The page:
On cross-examination, the witness testified that he was head of the paint department at Downtown Chevrolet; that the Coca-Cola vending machine was somewhat in an open space where people drove in and repairs were made on automobiles; that Ferguson, the helper who brought the Coca-Cola to the plaintiff, is a colored man; that the helper brought the Coca-Cola to the plaintiff; that the Coca-Cola bottle was not opened when handed to the plaintiff by the helper; that the helper brought one Coca-Cola to the plaintiff and one to Mr. Randall, both unopened--"I opened mine myself"; that the defendant did not examine the bottle in any way before he opened and drank the Coca-Cola; that he never had examined the contents of a bottle of Coca-Cola that he bought; that the plaintiff carried the Coca-Cola bottle with him when Mr. Thompson carried the plaintiff to the doctor; that the plaintiff kept the bottle stored in a closet in his home; that he showed it to his lawyer the day before the trial; that the plaintiff went to no other doctor; that the plaintiff took two doses of medicine which the company doctor gave to him.
T. L. White testified for the plaintiff substantially: that he was a parts manager for the Downtown Chevrolet Company; that the company has no way of dispensing Coca-Cola to people other than the Coca-Cola vending machine; that they had a standard coin-vending machine as furnished by the Coca-Cola Company on August 22, 1951; that the bottles were put in the machine, the machine locked, and the bottles could only be gotten out by someone unlocking the machine with the key and then using a wrench to unbolt it, or else using a coin; that the only time the machine is ever opened for any other purpose than to load it is when the machine gives some trouble and the Coca-Cola Company sends a service man out to service the vending machine; that the custom prevails that the Coca-Colas are delivered by the Coca-Cola Bottling Company; they are taken from a truck and carried around past the machine to a cabinet that is built into a wall in a corner in the building and locked up; that the general custom of handling the Coca-Colas is that sometimes the man who delivered the Coca-Colas locked the cabinet, and that when he didn't lock it, one of the attendants of the Downtown Chevrolet Company locked it; that the Coca-Cola crates were never left out over a few minutes where people could get to them. On cross-examination, this same witness testified: "There are five of us at the present time working in the parts department"; that the parts department does not actually run the Coca-Cola vending machine; that the Downtown Chevrolet Company owns the machine; that it was one of witness's assigned days to fill the machine and keep the bottles picked up there; "I keep the keys in the parts department for the machine . . . the key to this cabinet I am talking about is on the same ring that the key to the machine; the bunch of keys we kept in a desk in the parts department . . . I have access to the keys. If they wanted to, the other four people in the parts department have access to the keys. I actually took the bottles and put them in the machine myself. At the time I did all of it. Now they have a colored boy who does it. I put them in it that time. I put them in the cabinet other than the times the Coca-Cola men themselves put them in." Witness did take the bottles straight from the cabinet to the machine and loaded the machine and the bottles were not taken out of the machine at any time other than when dispensed with a coin. "In August, 1951, I did go out to the machine with the [Coca-Cola Company] truck drivers." Witness kept the empty bottles in the cabinet and would lock the cabinet and deliver the empty bottles to the truck driver; "the empties" were taken out and full bottles put back in the cabinet.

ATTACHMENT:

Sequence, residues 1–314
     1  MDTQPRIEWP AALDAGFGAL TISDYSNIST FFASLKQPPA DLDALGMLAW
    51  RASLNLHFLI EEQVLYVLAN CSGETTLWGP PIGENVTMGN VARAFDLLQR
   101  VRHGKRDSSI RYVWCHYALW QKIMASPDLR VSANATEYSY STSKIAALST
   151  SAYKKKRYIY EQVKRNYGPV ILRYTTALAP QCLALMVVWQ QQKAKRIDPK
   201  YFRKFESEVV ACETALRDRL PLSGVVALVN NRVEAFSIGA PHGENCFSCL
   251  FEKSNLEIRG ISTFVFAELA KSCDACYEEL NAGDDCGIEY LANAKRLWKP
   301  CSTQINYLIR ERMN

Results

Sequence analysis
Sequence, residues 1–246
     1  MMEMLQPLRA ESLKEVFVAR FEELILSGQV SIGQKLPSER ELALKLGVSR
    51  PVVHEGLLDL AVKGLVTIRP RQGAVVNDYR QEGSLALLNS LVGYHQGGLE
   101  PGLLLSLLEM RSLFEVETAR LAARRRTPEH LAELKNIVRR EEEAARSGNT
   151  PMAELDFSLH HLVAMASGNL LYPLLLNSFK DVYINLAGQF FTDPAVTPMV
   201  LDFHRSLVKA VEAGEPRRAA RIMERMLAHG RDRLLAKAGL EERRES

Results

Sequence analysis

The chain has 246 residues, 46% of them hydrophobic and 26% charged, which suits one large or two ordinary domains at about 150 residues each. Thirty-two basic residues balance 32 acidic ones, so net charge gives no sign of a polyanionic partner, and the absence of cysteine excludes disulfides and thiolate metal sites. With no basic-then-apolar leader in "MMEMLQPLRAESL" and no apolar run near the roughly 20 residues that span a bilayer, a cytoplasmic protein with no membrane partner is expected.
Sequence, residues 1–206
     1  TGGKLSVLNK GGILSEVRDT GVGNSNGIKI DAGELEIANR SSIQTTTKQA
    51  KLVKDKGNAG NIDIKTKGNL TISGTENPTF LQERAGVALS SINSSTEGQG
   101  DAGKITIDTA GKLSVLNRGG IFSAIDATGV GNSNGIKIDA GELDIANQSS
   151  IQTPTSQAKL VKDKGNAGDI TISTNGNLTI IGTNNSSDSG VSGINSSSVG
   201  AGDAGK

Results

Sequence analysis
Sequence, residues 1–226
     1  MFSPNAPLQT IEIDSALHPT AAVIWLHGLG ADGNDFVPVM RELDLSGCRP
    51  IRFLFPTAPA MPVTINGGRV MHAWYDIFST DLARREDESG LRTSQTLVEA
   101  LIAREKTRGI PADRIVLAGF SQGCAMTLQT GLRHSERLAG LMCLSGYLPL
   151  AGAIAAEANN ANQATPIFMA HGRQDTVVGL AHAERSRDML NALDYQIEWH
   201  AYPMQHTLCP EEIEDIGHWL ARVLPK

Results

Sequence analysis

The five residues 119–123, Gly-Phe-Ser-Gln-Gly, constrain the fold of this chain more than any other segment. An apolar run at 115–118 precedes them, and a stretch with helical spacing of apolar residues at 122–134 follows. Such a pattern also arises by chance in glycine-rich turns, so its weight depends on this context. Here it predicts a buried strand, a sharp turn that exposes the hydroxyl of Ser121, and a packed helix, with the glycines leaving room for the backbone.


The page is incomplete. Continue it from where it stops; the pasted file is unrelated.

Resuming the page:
D. L. Ferguson testified for the plaintiff substantially: that on August 22, 1951, the plaintiff directed the witness to get a Coca-Cola for the plaintiff; that the witness went to the vending machine where he placed the coin in the machine and procured a bottle of Coca-Cola for the plaintiff and "cracked" the top of the bottle just a little in the opener of the machine; that witness did not put anything in the bottle while he was taking it from the machine to the plaintiff; that the cap was still on the bottle when witness gave the bottle to the plaintiff and then walked away; that, after the plaintiff had drunk from the Coca-Cola, witness returned and saw some roaches in the bottle which he had carried to the plaintiff; that the plaintiff was rushed to the doctor; that the bottle was held up to the light and witness could see the roaches in it. "They were bugs."
On cross-examination, the same witness testified that he saw the plaintiff vomiting; that the plaintiff had drunk about half of the Coca-Cola or a little bit more; that witness saw no one pour Coca-Cola out of that bottle; that the Coca-Cola looked like it had bugs in it; that "they were floating around in the liquid . . . not stuck on the side of the bottle." Witness went himself to the Coca-Cola machine, put the coin in it and got the Coca-Cola out. Witness did not "crack" the top from the Coca-Cola bottle enough for a roach to crawl under it.
There was introduced into evidence the Coca-Cola bottle from which the plaintiff drank and which had been identified by the plaintiff and by the witness, Ferguson.
On motion of the defendant, the court granted a nonsuit, and the case is here on a direct bill of exceptions to this judgment.